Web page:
This worksheet describes how to create word clouds from free text responses, by using Snap’s auto-categorisation to see which words appear most often. It uses the crocodile survey supplied with Snap to show you how to build word clouds of the words most used in the comments.

Background

Word clouds allow you to display words or responses as a text graphic with the most common value written in the largest text. You can select how many items are displayed.

You can style your word cloud by specifying the variation in size between the different items and choose which colours are used in the word cloud. Styling the word cloud is not covered in this worksheet but is described in the online help topic Styling your word cloud.

Snap can automatically categorise open responses. Snap uses a stop list to stop common words such as “and” or “the” being included in the word cloud. You can add words to the stop list and tailor the categories.

You can decide whether to categorise literals as separate words or as complete responses.

You can create clouds from open responses or from the labels of coded responses.

Summary of steps

This worksheet shows how to create a word cloud automatically from people’s comments. It also describes how to change the number of items displayed in your word cloud and tells you how to remove words from a word cloud.

Step 1: Creating a word cloud from a literal question

This step describes how to display people’s comments as a word cloud by using auto coding.

  1. Open the crocodile survey supplied with Snap.
  2. Click Toolbar: imagemap on the Snap toolbar to create a cloud.
  3. Enter Q8 (the Comments question) in the Analysis field.
  4. Press [Apply] to display the cloud.

    Sample word cloud

Step 2: Changing the number of entries in your word cloud

If you wish to have more items in your word cloud, change the code limit.

  1. Select the Auto Coding tab. This shows how your data will be coded. Your settings may be different, depending on the defaults in your program. Unless you have patterns applied to literals, you would normally use Words for literals and Values for everything else. If you use Values for literals, Snap will use the complete response, rather than individual words.

    Auto coding tab on results definition dialog

  2. Change the value in Limit codes to 20.
  3. Press [Apply] to see the change in your word cloud.

    Sample word cloud

Step 3: Tailoring your word cloud to hide unwanted words

Because the words are collected from all responses, there may be some words that are not helpful to have in your cloud. The example in crocodile has the word “bit” in it. You can adjust which words are displayed for an individual cloud. You do this by creating a new variable that you can edit repeatedly and analyse.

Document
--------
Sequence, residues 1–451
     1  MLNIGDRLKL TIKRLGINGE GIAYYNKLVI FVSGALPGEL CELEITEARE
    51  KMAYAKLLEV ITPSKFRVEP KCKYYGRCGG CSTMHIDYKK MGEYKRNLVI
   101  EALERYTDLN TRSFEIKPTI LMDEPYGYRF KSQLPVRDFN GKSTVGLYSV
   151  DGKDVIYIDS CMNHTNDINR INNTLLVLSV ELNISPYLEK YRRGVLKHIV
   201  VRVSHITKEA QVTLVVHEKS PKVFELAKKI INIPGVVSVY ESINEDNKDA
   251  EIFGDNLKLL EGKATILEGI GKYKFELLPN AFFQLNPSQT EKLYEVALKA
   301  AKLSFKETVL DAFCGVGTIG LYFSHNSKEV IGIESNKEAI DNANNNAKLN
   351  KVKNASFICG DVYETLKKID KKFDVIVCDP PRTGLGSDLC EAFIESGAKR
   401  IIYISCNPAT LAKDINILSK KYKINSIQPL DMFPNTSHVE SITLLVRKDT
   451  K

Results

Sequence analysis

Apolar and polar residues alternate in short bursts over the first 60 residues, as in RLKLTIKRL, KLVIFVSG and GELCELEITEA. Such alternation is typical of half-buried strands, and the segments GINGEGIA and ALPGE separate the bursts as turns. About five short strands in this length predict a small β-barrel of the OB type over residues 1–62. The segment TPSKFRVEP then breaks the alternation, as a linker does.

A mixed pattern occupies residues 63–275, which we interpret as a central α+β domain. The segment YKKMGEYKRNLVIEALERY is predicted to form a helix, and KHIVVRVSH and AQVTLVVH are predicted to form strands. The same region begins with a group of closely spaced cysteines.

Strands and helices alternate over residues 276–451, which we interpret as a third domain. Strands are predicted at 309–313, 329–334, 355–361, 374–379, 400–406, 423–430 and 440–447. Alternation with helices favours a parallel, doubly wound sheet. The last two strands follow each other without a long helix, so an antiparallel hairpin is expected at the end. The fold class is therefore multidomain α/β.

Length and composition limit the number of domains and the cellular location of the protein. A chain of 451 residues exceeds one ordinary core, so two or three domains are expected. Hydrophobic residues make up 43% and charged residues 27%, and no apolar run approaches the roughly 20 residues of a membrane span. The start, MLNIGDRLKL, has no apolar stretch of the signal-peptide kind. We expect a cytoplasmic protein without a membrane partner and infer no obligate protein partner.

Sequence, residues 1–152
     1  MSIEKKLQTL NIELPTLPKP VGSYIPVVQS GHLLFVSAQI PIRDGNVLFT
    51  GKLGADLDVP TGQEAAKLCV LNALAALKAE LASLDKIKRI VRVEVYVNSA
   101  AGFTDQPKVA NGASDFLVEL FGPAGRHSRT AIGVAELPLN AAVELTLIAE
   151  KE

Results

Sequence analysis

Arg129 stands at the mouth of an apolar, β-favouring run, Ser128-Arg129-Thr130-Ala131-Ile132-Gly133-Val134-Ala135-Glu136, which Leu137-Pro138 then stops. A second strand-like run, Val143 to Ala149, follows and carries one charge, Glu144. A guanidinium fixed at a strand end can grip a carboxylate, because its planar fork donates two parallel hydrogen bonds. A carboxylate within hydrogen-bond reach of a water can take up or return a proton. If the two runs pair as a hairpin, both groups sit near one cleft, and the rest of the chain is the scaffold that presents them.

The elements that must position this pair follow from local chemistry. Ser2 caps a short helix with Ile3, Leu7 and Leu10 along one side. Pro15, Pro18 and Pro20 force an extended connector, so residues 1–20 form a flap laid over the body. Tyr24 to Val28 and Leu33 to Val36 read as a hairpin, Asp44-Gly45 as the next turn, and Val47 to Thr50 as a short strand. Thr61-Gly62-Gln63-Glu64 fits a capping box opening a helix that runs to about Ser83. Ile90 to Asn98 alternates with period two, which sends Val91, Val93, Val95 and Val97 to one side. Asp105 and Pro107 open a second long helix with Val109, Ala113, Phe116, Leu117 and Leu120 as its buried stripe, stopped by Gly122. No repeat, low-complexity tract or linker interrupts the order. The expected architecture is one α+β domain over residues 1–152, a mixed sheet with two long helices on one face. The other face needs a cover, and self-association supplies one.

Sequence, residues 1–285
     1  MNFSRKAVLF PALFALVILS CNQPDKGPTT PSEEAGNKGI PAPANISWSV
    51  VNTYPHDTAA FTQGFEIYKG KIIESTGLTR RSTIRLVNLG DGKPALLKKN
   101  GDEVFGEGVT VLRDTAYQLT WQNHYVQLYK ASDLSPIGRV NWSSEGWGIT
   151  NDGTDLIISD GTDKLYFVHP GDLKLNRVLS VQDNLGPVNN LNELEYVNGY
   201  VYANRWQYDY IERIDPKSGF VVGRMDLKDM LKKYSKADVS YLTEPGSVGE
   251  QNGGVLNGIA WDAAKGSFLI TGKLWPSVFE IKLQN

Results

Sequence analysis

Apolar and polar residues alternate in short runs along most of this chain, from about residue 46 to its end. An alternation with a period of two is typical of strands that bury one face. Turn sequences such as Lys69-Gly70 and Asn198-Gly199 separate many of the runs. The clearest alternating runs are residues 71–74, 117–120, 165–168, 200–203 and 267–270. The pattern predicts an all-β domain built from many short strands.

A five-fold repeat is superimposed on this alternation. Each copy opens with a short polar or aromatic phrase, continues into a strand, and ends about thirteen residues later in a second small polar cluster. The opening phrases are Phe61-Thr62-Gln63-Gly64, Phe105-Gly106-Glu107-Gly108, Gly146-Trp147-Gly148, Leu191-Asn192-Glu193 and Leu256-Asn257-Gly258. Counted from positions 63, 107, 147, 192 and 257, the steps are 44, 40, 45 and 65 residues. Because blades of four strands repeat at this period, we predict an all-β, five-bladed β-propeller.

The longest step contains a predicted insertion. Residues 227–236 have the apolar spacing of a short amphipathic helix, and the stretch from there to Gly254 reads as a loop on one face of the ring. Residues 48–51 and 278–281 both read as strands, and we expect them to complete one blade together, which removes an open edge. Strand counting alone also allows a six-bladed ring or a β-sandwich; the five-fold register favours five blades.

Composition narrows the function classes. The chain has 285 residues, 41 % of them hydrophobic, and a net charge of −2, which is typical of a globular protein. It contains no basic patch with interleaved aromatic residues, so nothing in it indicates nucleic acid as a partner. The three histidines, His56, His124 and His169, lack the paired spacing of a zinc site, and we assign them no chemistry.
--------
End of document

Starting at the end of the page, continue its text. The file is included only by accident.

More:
1. Click Advanced statistics button on the main Snap toolbar to show the list of analysis variables. The dialog below shows two automatically created analysis variables, AV.Q8 and AV.Q8.a.

    Analysis variables window showing automatic coding variable

The AV part of the name tells you it is an auto category variable. The next part is the name of the variable that it comes from, and the last part makes the variable unique. The dialog shows the variables created for the two word clouds of Q8, one with 12 items and one with 20.

  1. Select the variable AV.Q8.a and click Clone button on the toolbar to make a copy of it. This is the variable used for the twenty code word cloud. (You can find out which variable was created automatically for an analysis by using the Dependents button Sources button on the Analyses window toolbar.)
  2. The new variable should open automatically.
  3. Select Choose codes choose codes. A new Include column will be displayed.
    aAutocategory variable details dialog new

  4. The first twenty items in the list will be used in a word cloud. Scroll down to the end of the visible items.
  5. In this example there are three words which have six counts each. If you remove “bit” from the list of visible items, Snap will choose one of these to replace it. If you do not want one of them to be used (for example, “quite”) clear the box next to it.
  6. Clear the highlighted box to remove “bit” from the word cloud.
  7. Click Save button to save your new variable.

Step 4: Displaying your tailored word cloud

You now need to edit your analysis to use your new variable.

  1. Open the Analysis definition for your word cloud.
  2. Change the variable used in the Analysis field to your new auto category variable (AV1 in this example).
  3. Click [Apply] to see the result. The word “bit” has been replaced.

    Sample word cloud

Displaying a multiple response variable as a word cloud

This worksheet has shown you how to display comments as a word cloud. You can also display other types of questions as word clouds. For example, it’s easy to see which type of food is most popular at the crocodile restaurant.

Sample word cloud

Conclusion

This worksheet has described how to create a word cloud from literal responses.

If you would like to find out more about word clouds, see the topic Word clouds in detail. This covers creating clouds from any type of variable. To find out about changing the colour and fonts of your cloud, see the topic Styling your word cloud.

There is reference material on the cloud style dialogs at Cloud style dialog.

If you would like to find out more about auto category variables see the topic; Using Auto-category variables.

If there is a topic you would like a worksheet on, email to snapideas@snapsurveys.com